- The Washington Times - Thursday, November 13, 2003

Palestinian leader Yasser Arafat in a February 2001 meeting “gave the green light” to terrorist groups and Palestinian security forces to unleash a new wave of suicide bombings against Israel, Israeli Defense Minister Shaul Mofaz said yesterday.

With new Palestinian Prime Minister Ahmed Qureia and Israeli Prime Minister Ariel Sharon inching toward the first top-level summit in more than two months, Mr. Mofaz in an interview with The Washington Times detailed why senior Israeli officials continue to have deep doubts about Mr. Arafat’s still-powerful role.

Mr. Mofaz, former chief of staff of the Israel Defense Forces, recalled being shown a package of intelligence reports when he arrived at his office Feb. 11, 2001. Violent Palestinian resistance to Israeli forces had flared again four months earlier in the reaction to the collapse of the Camp David summit.

The reports told of a meeting held by Mr. Arafat with senior leaders of Palestinian militant organizations and the Palestinian Authority’s own security forces.

“This was the moment he gave the green light to the terrorist organizations and to some members of his own security groups” to engage in suicide bombing attacks, Mr. Mofaz said.

At one point in the meeting, Mr. Arafat asked those around the table why there were not more Israeli casualties from the violence, Mr. Mofaz said.

“You know what to do,” Mr. Arafat reportedly said.

Added Mr. Mofaz, “And from this moment, the wave of suicide bomb attacks started in Israel.”

Mr. Mofaz said the intelligence was “undeniable,” but declined to reveal how the information had been obtained by the Israelis.

Given that history, the defense minister said yesterday that Israel will insist that Mr. Qureia’s new 24-member Cabinet take concrete steps to curb terrorist violence “from the very first moment” if a new round of peace talks is to succeed.

“Because Arafat is still controlling the Palestinian security groups, I cannot predict what will happen,” said Mr. Mofaz, who was in Washington this week for talks with Vice President Dick Cheney, Secretary of Defense Donald H. Rumsfeld and other senior U.S. officials.

Dismissing Mr. Arafat as “a terrorist, period,” Mr. Mofaz said the Palestinians are under pressure to control terrorist attacks if the U.S.-backed “road map” for a durable peace is to proceed.

U.S. officials expressed cautious optimism as Mr. Qureia yesterday convened the first meeting of his new government, put together after nearly two months of infighting.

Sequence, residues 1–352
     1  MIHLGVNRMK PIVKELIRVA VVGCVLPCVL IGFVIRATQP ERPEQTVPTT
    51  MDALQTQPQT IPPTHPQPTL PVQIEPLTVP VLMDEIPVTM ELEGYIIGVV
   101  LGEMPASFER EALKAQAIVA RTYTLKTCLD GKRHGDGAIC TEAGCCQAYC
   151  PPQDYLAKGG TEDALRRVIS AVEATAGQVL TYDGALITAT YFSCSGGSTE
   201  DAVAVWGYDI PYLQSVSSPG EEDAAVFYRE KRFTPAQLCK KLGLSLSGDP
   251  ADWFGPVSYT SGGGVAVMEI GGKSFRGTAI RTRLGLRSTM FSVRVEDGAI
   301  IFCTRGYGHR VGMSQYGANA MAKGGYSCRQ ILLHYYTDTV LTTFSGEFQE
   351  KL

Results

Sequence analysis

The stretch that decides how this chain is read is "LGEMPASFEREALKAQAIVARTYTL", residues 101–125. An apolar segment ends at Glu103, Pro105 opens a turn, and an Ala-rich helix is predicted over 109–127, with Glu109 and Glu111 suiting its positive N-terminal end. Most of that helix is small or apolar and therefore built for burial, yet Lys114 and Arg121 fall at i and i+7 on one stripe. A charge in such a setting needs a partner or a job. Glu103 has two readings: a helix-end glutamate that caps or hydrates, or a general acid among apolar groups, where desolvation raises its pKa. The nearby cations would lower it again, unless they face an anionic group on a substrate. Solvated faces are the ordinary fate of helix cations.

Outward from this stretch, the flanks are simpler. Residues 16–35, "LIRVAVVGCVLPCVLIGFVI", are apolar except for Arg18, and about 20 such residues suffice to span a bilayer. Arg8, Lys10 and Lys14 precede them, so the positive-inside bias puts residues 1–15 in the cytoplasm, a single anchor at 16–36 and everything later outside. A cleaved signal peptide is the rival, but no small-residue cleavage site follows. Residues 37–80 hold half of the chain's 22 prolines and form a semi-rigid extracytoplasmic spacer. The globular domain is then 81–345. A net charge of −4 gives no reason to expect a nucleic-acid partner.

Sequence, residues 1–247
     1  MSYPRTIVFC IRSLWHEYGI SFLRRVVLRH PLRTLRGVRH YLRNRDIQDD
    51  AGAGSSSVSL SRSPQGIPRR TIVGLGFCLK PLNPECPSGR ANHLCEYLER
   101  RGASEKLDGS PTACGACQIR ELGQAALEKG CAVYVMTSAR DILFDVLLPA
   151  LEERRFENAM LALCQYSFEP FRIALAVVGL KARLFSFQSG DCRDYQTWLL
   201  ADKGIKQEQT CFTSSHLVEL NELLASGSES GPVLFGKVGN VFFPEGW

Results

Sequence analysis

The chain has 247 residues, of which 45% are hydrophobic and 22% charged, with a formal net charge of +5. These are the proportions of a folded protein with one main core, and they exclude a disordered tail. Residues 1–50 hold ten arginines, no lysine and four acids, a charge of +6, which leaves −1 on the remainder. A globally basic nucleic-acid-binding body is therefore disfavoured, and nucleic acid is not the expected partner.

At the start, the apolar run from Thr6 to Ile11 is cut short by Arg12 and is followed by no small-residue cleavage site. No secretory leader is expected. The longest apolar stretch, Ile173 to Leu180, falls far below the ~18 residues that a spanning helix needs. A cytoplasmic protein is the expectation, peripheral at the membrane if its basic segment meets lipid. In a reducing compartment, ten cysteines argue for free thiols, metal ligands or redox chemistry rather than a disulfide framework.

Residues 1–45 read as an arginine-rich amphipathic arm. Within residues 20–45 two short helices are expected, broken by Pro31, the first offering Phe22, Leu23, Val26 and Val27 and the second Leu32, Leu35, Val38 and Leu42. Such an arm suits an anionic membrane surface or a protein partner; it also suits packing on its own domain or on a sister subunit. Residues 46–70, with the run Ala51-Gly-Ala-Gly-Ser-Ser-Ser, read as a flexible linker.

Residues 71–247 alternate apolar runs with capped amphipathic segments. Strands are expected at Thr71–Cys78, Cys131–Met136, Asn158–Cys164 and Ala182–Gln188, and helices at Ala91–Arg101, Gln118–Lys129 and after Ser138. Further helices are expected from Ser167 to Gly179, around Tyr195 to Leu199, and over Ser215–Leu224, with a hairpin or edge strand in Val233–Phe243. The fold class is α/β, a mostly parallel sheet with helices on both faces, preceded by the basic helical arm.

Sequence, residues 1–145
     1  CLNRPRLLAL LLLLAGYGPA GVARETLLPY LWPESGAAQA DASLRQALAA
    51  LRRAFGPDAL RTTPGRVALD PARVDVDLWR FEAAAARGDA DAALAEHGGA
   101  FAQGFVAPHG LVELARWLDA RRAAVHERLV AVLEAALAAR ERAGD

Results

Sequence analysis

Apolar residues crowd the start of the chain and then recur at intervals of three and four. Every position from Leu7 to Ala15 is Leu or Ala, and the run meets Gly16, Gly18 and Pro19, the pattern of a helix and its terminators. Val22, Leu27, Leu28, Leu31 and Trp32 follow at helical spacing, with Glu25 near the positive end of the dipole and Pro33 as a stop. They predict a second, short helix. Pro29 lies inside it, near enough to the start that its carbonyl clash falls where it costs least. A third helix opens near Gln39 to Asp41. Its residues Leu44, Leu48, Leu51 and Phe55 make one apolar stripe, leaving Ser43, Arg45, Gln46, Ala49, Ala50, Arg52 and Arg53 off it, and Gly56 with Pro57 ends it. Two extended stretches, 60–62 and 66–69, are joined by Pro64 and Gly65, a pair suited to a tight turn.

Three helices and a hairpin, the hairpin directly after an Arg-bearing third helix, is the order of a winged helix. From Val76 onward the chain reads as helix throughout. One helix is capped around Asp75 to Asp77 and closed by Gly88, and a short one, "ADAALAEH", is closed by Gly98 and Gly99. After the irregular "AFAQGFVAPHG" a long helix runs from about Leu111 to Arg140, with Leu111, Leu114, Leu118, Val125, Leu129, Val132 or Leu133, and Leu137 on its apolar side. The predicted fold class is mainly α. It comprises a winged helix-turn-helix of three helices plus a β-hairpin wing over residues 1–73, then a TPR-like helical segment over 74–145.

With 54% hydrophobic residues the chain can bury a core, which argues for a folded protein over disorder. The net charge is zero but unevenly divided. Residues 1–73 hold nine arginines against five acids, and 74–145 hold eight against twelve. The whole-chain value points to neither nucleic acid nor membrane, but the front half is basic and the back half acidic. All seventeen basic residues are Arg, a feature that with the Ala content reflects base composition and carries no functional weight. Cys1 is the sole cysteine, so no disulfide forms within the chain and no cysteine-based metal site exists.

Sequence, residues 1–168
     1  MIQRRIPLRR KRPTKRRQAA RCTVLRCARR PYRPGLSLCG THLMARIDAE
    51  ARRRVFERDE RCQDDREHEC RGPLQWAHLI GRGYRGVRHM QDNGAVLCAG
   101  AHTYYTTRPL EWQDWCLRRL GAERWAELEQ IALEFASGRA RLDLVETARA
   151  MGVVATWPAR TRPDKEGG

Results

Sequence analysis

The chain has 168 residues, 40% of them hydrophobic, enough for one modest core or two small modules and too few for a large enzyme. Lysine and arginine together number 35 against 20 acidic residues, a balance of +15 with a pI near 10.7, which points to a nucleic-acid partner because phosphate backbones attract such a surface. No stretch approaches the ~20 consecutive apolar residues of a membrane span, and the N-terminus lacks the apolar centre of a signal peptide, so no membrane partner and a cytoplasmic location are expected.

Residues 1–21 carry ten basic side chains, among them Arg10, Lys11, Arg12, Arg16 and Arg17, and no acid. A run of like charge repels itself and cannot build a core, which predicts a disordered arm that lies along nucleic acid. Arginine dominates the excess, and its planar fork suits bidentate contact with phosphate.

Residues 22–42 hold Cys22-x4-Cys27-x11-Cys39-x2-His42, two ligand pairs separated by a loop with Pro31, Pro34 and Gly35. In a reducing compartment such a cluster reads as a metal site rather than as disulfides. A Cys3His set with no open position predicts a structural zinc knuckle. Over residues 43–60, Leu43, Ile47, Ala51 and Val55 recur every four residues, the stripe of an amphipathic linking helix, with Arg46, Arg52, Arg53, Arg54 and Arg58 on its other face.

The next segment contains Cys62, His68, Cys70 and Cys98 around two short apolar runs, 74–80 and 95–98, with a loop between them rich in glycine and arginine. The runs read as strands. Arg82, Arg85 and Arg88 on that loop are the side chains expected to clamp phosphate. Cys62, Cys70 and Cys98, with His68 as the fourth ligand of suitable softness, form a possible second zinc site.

A previous Palestinian government, under Mahmoud Abbas, was undermined by feuding with Mr. Arafat despite strong support from the Bush administration.

State Department officials said Secretary of State Colin L. Powell spoke by phone with Mr. Qureia, welcoming the new government but expressing reservations again about Mr. Arafat’s continuing influence on security forces.

With Mr. Sharon’s government easing its opposition to peace negotiations as the new Palestinian government settles in, Mr. Powell stressed to Mr. Qureia that “performance is what counts and the Palestinian Cabinet needs to … take tangible steps against terrorist organizations,” State Department spokesman Adam Ereli said.

Israeli Foreign Minister Silvan Shalom told Israeli radio that a summit between Mr. Qureia and Mr. Sharon could take place within two weeks. I

Mr. Qureia has said he wants to negotiate an end to attacks by Palestinian terrorist groups such as Hamas and Islamic Jihad and then press Israel to stop military incursions in Palestinian territory.

The wave of Palestinian attacks on Israeli targets has appeared to ease in the weeks since a suicide bombing at a restaurant in Haifa killed 21 and wounded more than 60 people in October.

But Mr. Mofaz credited improved Israeli security measures — not any efforts by Palestinian security forces — for the respite.

“There is no cooperation today with Palestinian security groups,” Mr. Mofaz said. “More than that, the Palestinians are still not taking any steps against the terrorist groups.”


Copyright © 2018 The Washington Times, LLC. Click here for reprint permission.

The Washington Times Comment Policy

The Washington Times welcomes your comments on Spot.im, our third-party provider. Please read our Comment Policy before commenting.

 

Click to Read More and View Comments

Click to Hide